Dysregulation of the inflammatory response system has been linked to pathophysiology of schizophrenia. Evidence of immune activation has derived from the detection of abnormal levels of proinflammatory cytokines and their receptors in peripheral blood and cerebrospinal fluid from schizophrenic patients. Cytokines are involved in normal CNS development as well as in the pathogenesis of many neuro-psychiatric disorders, acting directly on neural cells or modulating neuro-transmitter and neuropeptide systems. In particular tumor necrosis factor α (TNFα), depending on its concentration, can exert both neurotrophic and neurotoxic effects and influence neural cell growth and proliferation. Moreover, TNFα gene is located on the small arm of chromosome 6 (6p21.1-21.3), a locus associated with genetic susceptibility to schizophrenia. We studied the distribution of -G308A TNFα gene polymorphism in 84 schizophrenic patients and in 138 healthy volunteers. This biallelic base exchange polymorphism directly affects TNFα plasma levels. Frequency of the TNF2(A) allele is significantly increased in schizophrenic patients as compared to controls (P = 0.0042). Genotype distribution is also significantly different (P =0.0024). TNF2 homozygotes are represented only in the patient group (P = 0.002). These data suggest a potential role of TNFα as a candidate gene for susceptibility to schizophrenia and suggest that immune dysregulation in schizophrenic patients could also have a genetic component.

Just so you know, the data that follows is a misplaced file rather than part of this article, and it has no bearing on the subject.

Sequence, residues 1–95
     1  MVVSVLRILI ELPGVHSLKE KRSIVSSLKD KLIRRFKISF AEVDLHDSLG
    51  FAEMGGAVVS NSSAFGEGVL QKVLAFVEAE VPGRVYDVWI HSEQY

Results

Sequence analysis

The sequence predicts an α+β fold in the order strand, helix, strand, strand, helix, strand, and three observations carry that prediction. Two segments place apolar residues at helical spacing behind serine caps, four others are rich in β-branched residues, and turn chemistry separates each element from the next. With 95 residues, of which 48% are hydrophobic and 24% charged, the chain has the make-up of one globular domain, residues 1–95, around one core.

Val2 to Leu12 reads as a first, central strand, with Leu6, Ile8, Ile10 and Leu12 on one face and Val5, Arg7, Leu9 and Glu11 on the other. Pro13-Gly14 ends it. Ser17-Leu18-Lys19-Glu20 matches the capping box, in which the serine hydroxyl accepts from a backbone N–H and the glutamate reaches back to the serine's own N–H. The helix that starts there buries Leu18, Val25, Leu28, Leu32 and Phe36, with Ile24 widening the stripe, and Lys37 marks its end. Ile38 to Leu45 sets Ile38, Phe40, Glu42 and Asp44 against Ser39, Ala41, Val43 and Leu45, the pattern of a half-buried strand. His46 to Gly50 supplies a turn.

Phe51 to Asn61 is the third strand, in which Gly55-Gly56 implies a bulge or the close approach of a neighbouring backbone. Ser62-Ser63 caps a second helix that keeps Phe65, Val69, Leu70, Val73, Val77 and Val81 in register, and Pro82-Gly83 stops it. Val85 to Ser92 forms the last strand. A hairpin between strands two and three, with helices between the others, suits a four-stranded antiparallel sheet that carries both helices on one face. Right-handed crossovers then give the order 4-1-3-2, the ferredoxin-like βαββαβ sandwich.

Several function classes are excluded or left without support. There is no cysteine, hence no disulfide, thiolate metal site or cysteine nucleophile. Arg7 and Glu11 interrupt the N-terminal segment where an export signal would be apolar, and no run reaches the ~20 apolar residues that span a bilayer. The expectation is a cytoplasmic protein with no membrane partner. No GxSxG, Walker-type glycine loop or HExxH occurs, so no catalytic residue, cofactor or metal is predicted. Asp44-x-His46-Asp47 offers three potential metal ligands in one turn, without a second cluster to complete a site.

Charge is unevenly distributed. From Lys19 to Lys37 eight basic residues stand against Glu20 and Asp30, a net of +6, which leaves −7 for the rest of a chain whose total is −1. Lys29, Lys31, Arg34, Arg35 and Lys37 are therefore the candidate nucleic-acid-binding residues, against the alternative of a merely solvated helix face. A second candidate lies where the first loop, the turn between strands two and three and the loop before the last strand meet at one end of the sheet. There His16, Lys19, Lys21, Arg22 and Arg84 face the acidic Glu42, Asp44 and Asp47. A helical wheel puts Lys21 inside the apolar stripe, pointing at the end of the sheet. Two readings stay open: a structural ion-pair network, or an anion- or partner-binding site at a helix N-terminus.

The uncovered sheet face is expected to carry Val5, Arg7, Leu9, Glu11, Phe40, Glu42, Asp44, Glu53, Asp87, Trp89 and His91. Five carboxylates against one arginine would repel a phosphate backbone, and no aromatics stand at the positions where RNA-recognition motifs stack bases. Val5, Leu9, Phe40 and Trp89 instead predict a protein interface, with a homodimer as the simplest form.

- Promoter regions
ASJC Scopus subject areas
- Molecular Biology
- Psychiatry and Mental health
- Cellular and Molecular Neuroscience